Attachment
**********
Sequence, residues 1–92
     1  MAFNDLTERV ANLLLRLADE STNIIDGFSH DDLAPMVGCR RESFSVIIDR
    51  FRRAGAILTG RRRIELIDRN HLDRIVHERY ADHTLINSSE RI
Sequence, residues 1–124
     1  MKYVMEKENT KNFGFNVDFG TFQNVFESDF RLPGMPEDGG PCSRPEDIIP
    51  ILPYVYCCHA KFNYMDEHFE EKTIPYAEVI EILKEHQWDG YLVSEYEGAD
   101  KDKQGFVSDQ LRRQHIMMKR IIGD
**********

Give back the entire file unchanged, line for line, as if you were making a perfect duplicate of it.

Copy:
Sequence, residues 1–92
     1  MAFNDLTERV ANLLLRLADE STNIIDGFSH DDLAPMVGCR RESFSVIIDR
    51  FRRAGAILTG RRRIELIDRN HLDRIVHERY ADHTLINSSE RI
Sequence, residues 1–124
     1  MKYVMEKENT KNFGFNVDFG TFQNVFESDF RLPGMPEDGG PCSRPEDIIP
    51  ILPYVYCCHA KFNYMDEHFE EKTIPYAEVI EILKEHQWDG YLVSEYEGAD
   101  KDKQGFVSDQ LRRQHIMMKR IIGD